No, I asked about spelling.  The name you wrote was “Budy”; did you mean “Budny”?  I had five years of French and one year of German.  I know all about grammatical gender naming.  The other misspelling was Bogucki for Borucki. That’s frustrating for when you are trying to verify family names.  My last name is Polish if you have not figured that one out.  I seen Budny spelled in a few different ways.  We were not sure how the name was spelled in Polish. My goal is this research request was to verify the Polish spelling. 

 The records for a birth and death certificate were in Russian.  The Russian spelling just adds to confusion. Then add writing styles on top of that create more chaotic spelling variations. The documents had two variants of spelling by the same writer. I included three snapshots of the Russian spelling of Budny is this blog.

 Budny_Russian2Budny_Russian1Budny in Russian

One emailed listed the names of the god-parents as Ksawery and Julianna Borucki.  Michal the researcher said that Julianna’s maiden name was “Budy” and could be a relative. Now, did he mean to write “Budny” or “Budna”?  When asked for clarification, he said her maiden name was “Borucka”; I’m frustrated and confused.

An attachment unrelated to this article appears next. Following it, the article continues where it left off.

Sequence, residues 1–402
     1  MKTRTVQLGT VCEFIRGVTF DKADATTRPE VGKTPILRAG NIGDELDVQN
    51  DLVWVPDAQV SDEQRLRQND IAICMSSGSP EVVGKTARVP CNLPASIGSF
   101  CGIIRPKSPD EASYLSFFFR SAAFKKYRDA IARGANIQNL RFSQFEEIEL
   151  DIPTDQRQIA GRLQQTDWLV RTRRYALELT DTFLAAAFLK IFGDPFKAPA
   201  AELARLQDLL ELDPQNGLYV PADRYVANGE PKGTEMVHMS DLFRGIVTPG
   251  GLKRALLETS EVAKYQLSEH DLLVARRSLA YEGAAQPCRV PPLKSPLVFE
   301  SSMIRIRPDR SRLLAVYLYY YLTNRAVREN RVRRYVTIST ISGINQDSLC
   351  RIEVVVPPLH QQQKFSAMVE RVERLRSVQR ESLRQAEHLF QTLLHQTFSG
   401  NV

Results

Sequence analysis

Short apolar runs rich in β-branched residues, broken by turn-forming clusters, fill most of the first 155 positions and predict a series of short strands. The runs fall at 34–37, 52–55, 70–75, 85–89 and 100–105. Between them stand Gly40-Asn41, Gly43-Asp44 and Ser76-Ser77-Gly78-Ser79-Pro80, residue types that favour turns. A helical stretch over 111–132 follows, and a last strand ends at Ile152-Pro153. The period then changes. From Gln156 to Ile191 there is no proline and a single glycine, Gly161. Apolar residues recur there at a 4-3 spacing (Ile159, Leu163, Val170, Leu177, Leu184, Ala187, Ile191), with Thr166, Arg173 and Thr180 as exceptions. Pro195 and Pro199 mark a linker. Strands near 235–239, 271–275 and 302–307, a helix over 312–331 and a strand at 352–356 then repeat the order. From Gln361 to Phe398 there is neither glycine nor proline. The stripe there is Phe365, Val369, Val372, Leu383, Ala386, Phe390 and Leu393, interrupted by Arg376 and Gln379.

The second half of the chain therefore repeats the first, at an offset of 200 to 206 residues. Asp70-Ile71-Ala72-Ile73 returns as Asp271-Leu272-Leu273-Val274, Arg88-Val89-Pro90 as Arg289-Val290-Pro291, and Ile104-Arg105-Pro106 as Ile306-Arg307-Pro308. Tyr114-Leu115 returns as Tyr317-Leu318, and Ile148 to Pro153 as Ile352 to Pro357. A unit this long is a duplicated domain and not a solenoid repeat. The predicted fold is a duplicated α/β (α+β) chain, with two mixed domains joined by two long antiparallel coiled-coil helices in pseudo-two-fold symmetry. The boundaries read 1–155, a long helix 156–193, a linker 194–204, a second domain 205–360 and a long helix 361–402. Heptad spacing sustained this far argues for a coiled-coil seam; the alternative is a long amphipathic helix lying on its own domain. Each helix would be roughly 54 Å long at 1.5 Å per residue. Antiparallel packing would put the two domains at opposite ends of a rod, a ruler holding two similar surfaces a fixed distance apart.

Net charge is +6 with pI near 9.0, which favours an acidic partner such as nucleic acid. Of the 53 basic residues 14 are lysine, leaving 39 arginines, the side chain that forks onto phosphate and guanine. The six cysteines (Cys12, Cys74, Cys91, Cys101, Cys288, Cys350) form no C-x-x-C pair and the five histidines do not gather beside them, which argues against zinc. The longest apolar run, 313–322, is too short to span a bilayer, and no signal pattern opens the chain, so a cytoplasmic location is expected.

I am getting no closer to enlightenment with my corresponding. Though now I have a few extra names to pursue.  Further research was needed and requested by me.  However, a lack of follow through by Michal ended our contract. 

 I am ready to do additional Polish research and looking to hire another firm in Poland. I was wondering if any one had recommendations. Here is a few that I found on the web. Cyndislist has quite a few at Let me know if you have used them and what your experience was like.

 The Borucki / Borucka family is from Mamino, Makow Mazowicki in Poland.  The birth and death certificate were located in Pultusk State Archives. They were from the Civil Registry Office of the Roman Catholic Church in Gasewo Poduchowne.

Records for the Budny side were not located in this particular search.  Information is sketchy, but a possible locate is Kolaki, Poland and may be in the Sielun parish. A researcher with ties to Makow Mazowicki would be ideal.